Stop Leaving Money on the Table! – The Anchoring Effect

“I accept your offer” are magic words to anyone in sales. However, sometimes they are accompanied by a sinking feeling in your stomach. The ‘sinking feeling’ is your intuition telling you that you did not maximize your deal value. Either you came out the gate with an offer price that was too low, or you did not hold your ground well during the negotiation. This article focuses on helping you solve the first problem using an anchor.

An anchor is an opening offer that is on the very high side of the price range for the product you are selling. The key is that the opening offer (or anchor) should be within the realm of possibility, but still high. I generally recommend 20% to 50% more than what you think is a top offer price. To use this tactic, you need to understand what constitutes a high offer price. Before entering a negotiation, spend some time gathering information about what constitutes low, medium, and high offers for the product that you are selling.

Behind the anchoring effect is the science of cognative bias. Studies have shown that buyers subconsciously evaluate all future offers relative to the original anchor, and this cognitive bias has a dramatic effect on the final negotiated price. If one party makes the first offer on the very high side of the price range, they will end up negotiating a better deal than if they had come in closer to the mid-range. You may be thinking, “this is so obvious, I already do this.” Be honest with yourself — are you actually using this tactic? Many negotiators are embarrassed to throw out significant numbers. Numbers that they know are unreasonably high, and instead, they sabotage their deals by opening with mid-range offers. Let’s use selling a used car in a private sale as an example:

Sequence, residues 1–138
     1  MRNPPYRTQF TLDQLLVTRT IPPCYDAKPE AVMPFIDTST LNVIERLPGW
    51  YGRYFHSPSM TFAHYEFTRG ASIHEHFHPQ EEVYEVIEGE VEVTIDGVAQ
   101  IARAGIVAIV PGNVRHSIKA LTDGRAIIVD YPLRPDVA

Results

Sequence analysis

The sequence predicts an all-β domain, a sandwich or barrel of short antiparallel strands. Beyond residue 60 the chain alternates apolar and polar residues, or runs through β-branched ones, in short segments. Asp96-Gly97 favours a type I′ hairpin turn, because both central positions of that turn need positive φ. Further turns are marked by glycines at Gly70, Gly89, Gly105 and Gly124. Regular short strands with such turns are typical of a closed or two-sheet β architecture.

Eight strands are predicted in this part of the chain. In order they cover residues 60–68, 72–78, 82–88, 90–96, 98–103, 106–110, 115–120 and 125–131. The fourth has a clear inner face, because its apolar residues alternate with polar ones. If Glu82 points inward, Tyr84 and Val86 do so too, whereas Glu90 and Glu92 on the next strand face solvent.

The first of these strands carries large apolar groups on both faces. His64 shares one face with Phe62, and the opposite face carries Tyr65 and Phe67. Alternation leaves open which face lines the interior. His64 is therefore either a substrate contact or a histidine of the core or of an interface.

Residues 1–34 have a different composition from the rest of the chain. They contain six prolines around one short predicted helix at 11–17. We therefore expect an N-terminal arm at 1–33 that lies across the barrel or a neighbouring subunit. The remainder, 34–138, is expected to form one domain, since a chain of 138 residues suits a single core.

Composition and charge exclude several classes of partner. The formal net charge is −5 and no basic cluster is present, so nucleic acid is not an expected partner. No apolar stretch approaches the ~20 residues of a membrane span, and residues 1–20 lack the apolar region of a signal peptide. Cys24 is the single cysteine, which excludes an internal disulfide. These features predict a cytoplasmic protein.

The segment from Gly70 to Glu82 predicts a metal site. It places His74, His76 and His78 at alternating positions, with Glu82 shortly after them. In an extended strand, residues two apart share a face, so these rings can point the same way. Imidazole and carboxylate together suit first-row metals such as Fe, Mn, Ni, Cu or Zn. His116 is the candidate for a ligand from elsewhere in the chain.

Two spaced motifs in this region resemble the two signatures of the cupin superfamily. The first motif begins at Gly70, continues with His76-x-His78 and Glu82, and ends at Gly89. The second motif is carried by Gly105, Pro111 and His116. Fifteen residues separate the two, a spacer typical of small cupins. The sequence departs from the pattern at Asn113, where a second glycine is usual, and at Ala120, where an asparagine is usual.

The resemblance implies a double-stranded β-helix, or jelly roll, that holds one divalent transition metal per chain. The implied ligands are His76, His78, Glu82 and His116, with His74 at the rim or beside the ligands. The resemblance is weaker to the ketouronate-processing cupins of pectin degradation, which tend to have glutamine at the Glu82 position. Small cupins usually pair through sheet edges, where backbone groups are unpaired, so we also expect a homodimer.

In a used car sales, the owner of the vehicle wants the highest possible price; the buyer wants the lowest possible price. Imagine that the car is a 2014 BMW with 35,000 miles, and its estimated value (based on an online quote engine) is $16,000 trade-in (at a dealership) and $20,000 for a private sale. As the seller, it is often tempting to throw out a reasonable value (let’s say $18,500) as your opening offer to try to win the sale without friction. We know better, and so we are going to use an anchor price of $24,000, or 20% over the estimated private party value ($20,000 * 1.2 = $24,000). $24,000 is an aggressive opening offer, but it’s not completely ‘off the charts crazy.’

After the negotiation, you ended up with a final sale price of $18,000, a bit below the $20,000 estimated private party value. Still, you were happy to sell the car. The buyer perceived $18,000 as a good deal relative to the anchor price of $24,000. If you had started at $18,500 and followed your “gut,” you likely would have ended up around $16,500. Don’t be afraid to drop anchors and win more high-value deals! 

You can read more about the anchoring effect at the Harvard Business Review.

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